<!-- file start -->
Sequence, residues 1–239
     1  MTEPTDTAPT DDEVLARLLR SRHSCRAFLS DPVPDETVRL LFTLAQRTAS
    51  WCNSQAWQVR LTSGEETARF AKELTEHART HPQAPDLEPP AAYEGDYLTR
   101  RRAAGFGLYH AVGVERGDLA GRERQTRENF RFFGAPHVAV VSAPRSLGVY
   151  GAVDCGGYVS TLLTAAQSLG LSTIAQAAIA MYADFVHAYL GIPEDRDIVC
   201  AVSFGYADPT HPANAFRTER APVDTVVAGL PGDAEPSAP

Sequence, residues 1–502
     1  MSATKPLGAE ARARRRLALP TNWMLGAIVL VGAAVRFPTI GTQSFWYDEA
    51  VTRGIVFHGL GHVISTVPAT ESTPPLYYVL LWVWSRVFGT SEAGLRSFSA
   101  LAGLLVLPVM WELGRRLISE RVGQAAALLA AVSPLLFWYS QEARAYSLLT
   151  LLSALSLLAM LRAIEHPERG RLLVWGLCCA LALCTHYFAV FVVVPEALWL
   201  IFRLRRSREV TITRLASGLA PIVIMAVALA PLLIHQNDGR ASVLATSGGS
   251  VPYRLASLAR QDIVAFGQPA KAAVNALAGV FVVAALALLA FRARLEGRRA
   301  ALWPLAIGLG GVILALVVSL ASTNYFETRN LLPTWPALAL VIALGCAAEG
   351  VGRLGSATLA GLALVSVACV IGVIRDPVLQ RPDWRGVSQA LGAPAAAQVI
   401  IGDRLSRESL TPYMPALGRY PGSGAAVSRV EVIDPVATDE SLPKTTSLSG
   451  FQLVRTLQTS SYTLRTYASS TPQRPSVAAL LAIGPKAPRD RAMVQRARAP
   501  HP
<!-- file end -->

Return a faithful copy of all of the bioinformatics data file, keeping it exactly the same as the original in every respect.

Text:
Sequence, residues 1–239
     1  MTEPTDTAPT DDEVLARLLR SRHSCRAFLS DPVPDETVRL LFTLAQRTAS
    51  WCNSQAWQVR LTSGEETARF AKELTEHART HPQAPDLEPP AAYEGDYLTR
   101  RRAAGFGLYH AVGVERGDLA GRERQTRENF RFFGAPHVAV VSAPRSLGVY
   151  GAVDCGGYVS TLLTAAQSLG LSTIAQAAIA MYADFVHAYL GIPEDRDIVC
   201  AVSFGYADPT HPANAFRTER APVDTVVAGL PGDAEPSAP

Sequence, residues 1–502
     1  MSATKPLGAE ARARRRLALP TNWMLGAIVL VGAAVRFPTI GTQSFWYDEA
    51  VTRGIVFHGL GHVISTVPAT ESTPPLYYVL LWVWSRVFGT SEAGLRSFSA
   101  LAGLLVLPVM WELGRRLISE RVGQAAALLA AVSPLLFWYS QEARAYSLLT
   151  LLSALSLLAM LRAIEHPERG RLLVWGLCCA LALCTHYFAV FVVVPEALWL
   201  IFRLRRSREV TITRLASGLA PIVIMAVALA PLLIHQNDGR ASVLATSGGS
   251  VPYRLASLAR QDIVAFGQPA KAAVNALAGV FVVAALALLA FRARLEGRRA
   301  ALWPLAIGLG GVILALVVSL ASTNYFETRN LLPTWPALAL VIALGCAAEG
   351  VGRLGSATLA GLALVSVACV IGVIRDPVLQ RPDWRGVSQA LGAPAAAQVI
   401  IGDRLSRESL TPYMPALGRY PGSGAAVSRV EVIDPVATDE SLPKTTSLSG
   451  FQLVRTLQTS SYTLRTYASS TPQRPSVAAL LAIGPKAPRD RAMVQRARAP
   501  HP